Mob violence, murder and social unrest characterise the dog meat trade in China and Vietnam but they could yet prove to be the industry’s weakness.
Animal welfare charity Animals Asia says that while the cruelty behind the meat trade is abhorrent – it’s the industry’s reliance on violence and criminality that could force governments to end the trade to keep the peace.
In the last days of 2016, two 26-year-old men appeared in court in Vietnam’s Thanh Hoa province. One of the young men – both of whom have confessed to being drug addicts – was sentenced to death, the other six years in jail.
The duo had been caught stabbing and stealing a dog by the animal’s horrified owner who chased them before they murdered him with the same knife.
This tragedy is just the latest in a long string of incidents which can be directly traced back to the dog meat trade.
While dogs are considered “property” by Vietnamese law, their theft is not prosecuted, as their value is lower than the $87 threshold.
As a result, stolen dogs have become a mainstay of the dog meat industry supply chain, and fearful owners have taken the law into their own hands.
In late November 2016, villagers in Hung Yen viciously beat a suspected dog thief and locked him in an iron cage.
Earlier in 2016, a mob in Nghe An province beat a dog thief so violently he had to be saved by police and rushed to hospital, leaving the angered dog lovers to take out their frustration on his motorbike.
The latest incidents follow a pattern that has been running for years and previously reported by Animals Asia.
The situation is similar in China. Animals Asia’s 2015 report into the dog meat industry revealed the country contains no large-scale dog breeding farms despite an estimated 10 million dogs being slaughtered for their meat annually.
A large proportion of the animals which end up on dinner plates are stolen pets with bereaved owners increasingly taking the law into their own hands.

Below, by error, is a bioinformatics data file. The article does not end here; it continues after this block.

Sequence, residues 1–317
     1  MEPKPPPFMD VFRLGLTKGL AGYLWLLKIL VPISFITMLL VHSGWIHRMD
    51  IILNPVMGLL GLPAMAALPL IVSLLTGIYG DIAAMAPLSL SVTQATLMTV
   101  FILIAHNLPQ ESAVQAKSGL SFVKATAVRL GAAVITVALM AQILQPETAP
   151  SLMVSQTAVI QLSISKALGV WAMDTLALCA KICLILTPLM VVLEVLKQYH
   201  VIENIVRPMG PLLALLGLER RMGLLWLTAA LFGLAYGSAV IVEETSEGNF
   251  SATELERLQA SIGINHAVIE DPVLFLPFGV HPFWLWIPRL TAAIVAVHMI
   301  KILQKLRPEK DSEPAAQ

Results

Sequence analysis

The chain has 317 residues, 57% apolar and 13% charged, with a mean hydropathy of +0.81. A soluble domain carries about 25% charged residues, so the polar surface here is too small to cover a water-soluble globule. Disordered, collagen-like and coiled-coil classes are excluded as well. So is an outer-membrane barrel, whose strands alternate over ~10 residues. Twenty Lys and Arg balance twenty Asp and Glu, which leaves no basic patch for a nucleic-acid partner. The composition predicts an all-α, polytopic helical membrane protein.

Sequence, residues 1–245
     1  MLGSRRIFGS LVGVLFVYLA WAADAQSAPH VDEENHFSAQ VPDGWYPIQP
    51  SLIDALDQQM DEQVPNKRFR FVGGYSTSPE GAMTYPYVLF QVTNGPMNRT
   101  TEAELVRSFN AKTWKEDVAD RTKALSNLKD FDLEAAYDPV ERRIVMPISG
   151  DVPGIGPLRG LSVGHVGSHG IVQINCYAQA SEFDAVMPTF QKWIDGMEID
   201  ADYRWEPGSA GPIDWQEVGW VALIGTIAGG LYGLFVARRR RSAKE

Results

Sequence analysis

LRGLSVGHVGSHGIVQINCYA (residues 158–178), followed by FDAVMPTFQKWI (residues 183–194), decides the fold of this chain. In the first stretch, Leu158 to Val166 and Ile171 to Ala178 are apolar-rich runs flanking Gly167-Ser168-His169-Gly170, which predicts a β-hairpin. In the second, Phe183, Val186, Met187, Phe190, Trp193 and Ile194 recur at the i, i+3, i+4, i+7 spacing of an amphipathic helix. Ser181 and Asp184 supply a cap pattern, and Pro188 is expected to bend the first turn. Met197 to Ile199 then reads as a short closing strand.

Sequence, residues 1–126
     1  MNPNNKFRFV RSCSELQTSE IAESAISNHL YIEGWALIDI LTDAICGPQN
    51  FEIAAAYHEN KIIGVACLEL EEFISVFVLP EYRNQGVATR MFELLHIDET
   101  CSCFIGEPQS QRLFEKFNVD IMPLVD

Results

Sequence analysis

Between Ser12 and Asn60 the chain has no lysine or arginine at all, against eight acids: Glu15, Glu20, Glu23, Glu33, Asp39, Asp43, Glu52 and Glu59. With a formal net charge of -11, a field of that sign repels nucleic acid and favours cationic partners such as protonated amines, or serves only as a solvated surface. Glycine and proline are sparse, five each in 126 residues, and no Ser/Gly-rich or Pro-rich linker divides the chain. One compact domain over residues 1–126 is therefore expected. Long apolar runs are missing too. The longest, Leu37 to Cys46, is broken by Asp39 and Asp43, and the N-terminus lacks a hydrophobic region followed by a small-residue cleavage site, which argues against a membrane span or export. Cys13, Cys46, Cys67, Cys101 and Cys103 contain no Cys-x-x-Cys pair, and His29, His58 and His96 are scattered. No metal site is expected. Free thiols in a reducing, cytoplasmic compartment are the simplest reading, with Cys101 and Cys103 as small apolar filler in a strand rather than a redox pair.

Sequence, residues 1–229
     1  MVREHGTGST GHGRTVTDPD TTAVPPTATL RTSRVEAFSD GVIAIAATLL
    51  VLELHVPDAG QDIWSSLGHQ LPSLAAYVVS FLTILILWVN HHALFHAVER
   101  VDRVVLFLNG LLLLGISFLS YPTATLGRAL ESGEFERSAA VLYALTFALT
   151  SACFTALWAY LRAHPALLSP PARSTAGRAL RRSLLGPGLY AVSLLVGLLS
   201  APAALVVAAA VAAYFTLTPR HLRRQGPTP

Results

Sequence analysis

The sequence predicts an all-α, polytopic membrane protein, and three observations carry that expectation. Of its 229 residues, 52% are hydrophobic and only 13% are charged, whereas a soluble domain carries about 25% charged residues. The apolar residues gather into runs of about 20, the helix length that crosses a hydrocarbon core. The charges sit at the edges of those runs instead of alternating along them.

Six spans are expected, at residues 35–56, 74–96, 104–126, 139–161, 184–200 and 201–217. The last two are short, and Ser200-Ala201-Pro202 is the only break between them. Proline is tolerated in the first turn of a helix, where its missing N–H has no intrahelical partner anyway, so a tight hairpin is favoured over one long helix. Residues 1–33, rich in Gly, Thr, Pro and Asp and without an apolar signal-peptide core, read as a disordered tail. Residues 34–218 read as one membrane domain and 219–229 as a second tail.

Last month villagers in Guilin, Guangxi were reported to have forced a dog thief into a septic tank filled with excrement as punishment for his crime.
In December 2016, a university student was shot by a dog thief’s poison dart in Nanjing city. The woman’s body was temporarily paralyzed while her friend called the police. Officers later apprehended a man who had been out hunting dogs with poisoned darts and had even brought his six-year-old son along.
In November last year, a man trying to evade police crashed into a road toll booth at 4am in Tianjin. Local police had to dispatch 11 police vehicles to apprehend the suspect who was transporting four large German shepherds which had been recently poisoned. The suspect admitted the dogs were to be sold for their meat at a local market.
Animals Asia’s Vietnam Director Tuan Bendixsen said:
“These stories have appeared in the press for a number of years and we don’t expect them to stop any time soon. In fact as exasperation grows so does the violence involved. As long as eating dogs is legal – the violence, killing, criminality and social unrest we have seen over the years will continue. The only way to stop the circle of violence is to end the industry. Ironically it may be we’ll see an end to dog meat eating as a way to protect humans, not dogs.
“What we do know is that this is not an industry that can be regulated. Any legal farming of dogs would simply provide a convenient “front” for the illegal dog trade to continue operating with stolen pets. The dog meat trade is characterised by criminality and cruelty. It’s clearly a trade that Vietnam would be better off without.”
Animals Asia works year round to end the dog and cat meat industries in Vietnam and China where an estimated 5 million and 10 million dogs respectively are reported to be eaten every year.
Animals Asia’s Cat and Dog Welfare Director Irene Feng said:
“It is simply not financially viable to breed dogs for the meat industry legally which prompts suppliers to operate outside the law. We know that the majority of dogs sold for meat are stolen pets and strays snatched from the street with no proof of origin and therefore the potential for serious health risks.
“The only way it will end, and ordinary people with companion animals to be able to live free of violence and fear, is for the dog and cat meat industry to be stopped. We hope that the unending stream of violent stories will lead people to the conclusion that enough is enough. We are certainly seeing a greater awareness that the dog meat being served up is just the final act of cruelty following a list of misdemeanours including theft, violence and even murder.”